Fault Line and Boundary Estimation from Spatial Data
In many instances in applications, spatial data may be viewed as observations on an underlying regression surface. Estimation of jump curves or "fault lines" in such surfaces is then a task of primary interest. The developed methodology for estimating fault lines caters for features which are desirable both in theory and practice, such as irregularlyspaced design. An intuitively appealing but computationally demanding approach is taken, and asymptotically (as sample size tends to infinity) confidence envelopes for this estimator were derived theoretically. This approach consists of transforming the raw data into a smooth surface wherein the fault line appears as a ridge, which is defined to be its estimator.
Principal Investigator Peter Hall 
Project x21, d33 Facilities Used PC, SC 
CoInvestigator Christian RauMathematics Research Section SMS ANU

RFCD Codes 230203 
Significant Achievements, Anticipated Outcomes and Future Work
The projects explore the statistical and numerical aspects of the estimator, mainly in dependency on both the sample size, or more precisely the intensity of the random point process which generates the design points, and the local geometric properties of the fault line. Indeed, the radius of the confidence envelope is estimated using estimates of quantities such as curvature at each point of the fault line estimate, that is, the ridge.
The distribution which yields the percentiles for the asymptotically correct coverage level of the envelopes was studied via a KarhunenLoeve expansion of a planar Gaussian field. Although the methodology has been established a considerable while ago, there is notably little existing work dealing with the practical aspects that were investigated in the projects.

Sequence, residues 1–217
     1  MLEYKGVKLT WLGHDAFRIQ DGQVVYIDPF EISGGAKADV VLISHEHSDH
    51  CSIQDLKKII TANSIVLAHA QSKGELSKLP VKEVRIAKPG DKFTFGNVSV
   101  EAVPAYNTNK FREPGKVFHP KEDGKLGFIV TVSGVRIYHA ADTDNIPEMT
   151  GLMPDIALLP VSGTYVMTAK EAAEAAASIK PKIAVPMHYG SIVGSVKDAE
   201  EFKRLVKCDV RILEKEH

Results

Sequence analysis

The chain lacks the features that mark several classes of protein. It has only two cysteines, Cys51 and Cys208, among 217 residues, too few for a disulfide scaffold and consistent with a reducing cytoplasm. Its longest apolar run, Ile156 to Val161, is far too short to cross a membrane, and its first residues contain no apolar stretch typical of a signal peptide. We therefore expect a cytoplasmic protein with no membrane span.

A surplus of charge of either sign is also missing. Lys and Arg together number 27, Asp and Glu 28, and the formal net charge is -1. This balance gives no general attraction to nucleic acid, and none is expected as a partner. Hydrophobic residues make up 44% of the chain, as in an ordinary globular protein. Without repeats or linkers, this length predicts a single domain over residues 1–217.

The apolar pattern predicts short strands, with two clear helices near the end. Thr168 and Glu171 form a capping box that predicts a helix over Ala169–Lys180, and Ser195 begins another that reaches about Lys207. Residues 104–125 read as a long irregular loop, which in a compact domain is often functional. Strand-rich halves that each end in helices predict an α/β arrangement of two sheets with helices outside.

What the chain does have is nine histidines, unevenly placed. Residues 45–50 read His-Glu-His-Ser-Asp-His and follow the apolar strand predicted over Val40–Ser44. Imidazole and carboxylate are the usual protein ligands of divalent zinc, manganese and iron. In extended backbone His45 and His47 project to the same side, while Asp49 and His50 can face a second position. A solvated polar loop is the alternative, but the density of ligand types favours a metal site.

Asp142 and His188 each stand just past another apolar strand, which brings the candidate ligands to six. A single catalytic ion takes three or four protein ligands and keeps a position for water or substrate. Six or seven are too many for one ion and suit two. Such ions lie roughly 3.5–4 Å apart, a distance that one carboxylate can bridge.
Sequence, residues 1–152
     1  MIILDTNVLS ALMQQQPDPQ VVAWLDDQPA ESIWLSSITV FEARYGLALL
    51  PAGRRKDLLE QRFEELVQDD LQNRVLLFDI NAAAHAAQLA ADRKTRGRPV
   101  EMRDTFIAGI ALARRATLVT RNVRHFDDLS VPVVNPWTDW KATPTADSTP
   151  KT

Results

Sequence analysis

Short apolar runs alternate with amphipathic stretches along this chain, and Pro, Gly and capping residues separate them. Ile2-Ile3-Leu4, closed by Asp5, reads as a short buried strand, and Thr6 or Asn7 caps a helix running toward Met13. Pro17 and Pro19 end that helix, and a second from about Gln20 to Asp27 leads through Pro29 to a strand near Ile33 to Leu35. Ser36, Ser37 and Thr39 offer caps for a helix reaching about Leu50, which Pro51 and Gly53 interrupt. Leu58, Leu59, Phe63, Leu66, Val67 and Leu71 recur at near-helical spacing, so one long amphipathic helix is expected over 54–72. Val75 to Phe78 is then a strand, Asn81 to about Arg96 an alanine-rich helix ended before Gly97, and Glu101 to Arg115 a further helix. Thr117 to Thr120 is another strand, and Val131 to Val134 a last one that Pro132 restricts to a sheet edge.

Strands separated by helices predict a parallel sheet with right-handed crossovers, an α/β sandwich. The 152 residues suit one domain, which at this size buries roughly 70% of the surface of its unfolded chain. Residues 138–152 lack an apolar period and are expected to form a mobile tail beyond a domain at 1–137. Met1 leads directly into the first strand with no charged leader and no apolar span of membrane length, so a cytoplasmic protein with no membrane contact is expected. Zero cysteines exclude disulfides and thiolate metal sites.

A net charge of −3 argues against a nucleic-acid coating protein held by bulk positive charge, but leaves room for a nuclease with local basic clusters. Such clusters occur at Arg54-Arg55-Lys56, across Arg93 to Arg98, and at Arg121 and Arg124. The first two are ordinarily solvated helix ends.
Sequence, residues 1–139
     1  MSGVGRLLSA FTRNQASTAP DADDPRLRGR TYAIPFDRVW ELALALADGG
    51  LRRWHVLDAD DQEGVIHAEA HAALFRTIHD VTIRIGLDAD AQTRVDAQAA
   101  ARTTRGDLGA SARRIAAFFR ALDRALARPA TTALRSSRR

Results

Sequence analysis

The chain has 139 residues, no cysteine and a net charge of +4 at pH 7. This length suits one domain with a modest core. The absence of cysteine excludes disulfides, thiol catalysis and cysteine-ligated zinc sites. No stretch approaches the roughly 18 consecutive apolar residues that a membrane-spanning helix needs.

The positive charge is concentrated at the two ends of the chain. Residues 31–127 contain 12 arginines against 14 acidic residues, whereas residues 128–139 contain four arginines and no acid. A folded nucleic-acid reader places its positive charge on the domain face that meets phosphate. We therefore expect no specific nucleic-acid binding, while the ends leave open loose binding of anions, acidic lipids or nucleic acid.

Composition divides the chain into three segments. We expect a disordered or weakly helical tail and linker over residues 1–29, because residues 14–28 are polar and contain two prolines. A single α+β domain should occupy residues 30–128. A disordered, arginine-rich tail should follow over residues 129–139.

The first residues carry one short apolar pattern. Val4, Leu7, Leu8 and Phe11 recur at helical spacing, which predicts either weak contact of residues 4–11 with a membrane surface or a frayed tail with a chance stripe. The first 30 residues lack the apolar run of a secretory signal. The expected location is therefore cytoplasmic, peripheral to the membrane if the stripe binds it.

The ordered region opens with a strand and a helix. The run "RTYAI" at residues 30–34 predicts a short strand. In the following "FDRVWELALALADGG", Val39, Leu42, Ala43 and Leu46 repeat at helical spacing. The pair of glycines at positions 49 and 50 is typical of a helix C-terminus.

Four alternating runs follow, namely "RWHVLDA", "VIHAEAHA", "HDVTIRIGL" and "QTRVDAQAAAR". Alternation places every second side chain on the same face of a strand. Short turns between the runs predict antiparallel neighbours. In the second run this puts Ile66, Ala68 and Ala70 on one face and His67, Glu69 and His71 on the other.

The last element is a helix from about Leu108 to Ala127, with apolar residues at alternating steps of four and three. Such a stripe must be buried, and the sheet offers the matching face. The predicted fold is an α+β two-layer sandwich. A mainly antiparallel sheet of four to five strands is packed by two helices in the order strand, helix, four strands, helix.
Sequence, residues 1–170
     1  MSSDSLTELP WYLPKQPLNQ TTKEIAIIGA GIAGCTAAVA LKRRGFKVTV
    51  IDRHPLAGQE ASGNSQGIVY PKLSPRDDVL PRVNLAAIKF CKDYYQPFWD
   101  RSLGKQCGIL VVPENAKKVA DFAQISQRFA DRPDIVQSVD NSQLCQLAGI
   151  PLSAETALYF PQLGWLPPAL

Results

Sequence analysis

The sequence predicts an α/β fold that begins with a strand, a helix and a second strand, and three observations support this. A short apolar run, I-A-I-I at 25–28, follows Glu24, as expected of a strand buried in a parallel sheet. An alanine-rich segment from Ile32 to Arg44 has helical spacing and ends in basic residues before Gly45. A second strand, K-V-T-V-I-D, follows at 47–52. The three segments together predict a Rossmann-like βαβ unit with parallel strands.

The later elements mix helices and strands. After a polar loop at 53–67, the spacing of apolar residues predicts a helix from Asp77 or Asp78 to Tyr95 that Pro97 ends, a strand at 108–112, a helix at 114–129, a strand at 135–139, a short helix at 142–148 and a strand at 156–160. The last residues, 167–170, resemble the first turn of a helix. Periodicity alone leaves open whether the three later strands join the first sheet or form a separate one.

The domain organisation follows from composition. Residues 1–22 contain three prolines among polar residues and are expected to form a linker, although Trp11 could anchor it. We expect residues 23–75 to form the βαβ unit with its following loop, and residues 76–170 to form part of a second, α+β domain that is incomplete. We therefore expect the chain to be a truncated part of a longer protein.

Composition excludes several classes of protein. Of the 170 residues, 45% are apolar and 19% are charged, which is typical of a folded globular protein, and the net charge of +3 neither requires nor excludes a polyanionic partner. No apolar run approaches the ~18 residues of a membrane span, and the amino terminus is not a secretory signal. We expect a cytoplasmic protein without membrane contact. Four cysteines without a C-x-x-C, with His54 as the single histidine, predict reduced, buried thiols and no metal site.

Future work includes the investigation of the methodologically quite similar case of estimation of fault lines in bivariate densities, and the estimation of density support boundaries. In either case, methods for adaptive bandwidth selection are of interest. For regression surfaces, the investigation of the case where the distribution of the errors is not normal, but heavytailed, is also planned. Questions that arise in the context of simulating the distribution mentioned in the previous paragraph appear to be of independent interest, such as the expediency of sparsegrid techniques in calculating a fourdimensional Fourier Transform.
Computational Techniques Used
The code used in the projects was mainly developed in C++ and Matlab. Generally, the C++ algorithms served to generate the datasets used in the simulations, while the Matlab routines served to find the likelihood maximisers via the generalised NelderMead method (or variants thereof), and to perform the geometrical construction of the confidence envelopes. In the latter task, estimated values of curvature of the fault line were produced using Fortran code from other authors. The computation of the likelihood, though only involving elementary operations, was strongly affected by sparseness difficulties that are common in spatial problems. These difficulties were compounded in estimating curvature. KarhunenLoeve calculations involve the treatment of large matrix eigensystem problems, which posed inhibiting limitations, notably again in terms of memory, on smallerscale facilities.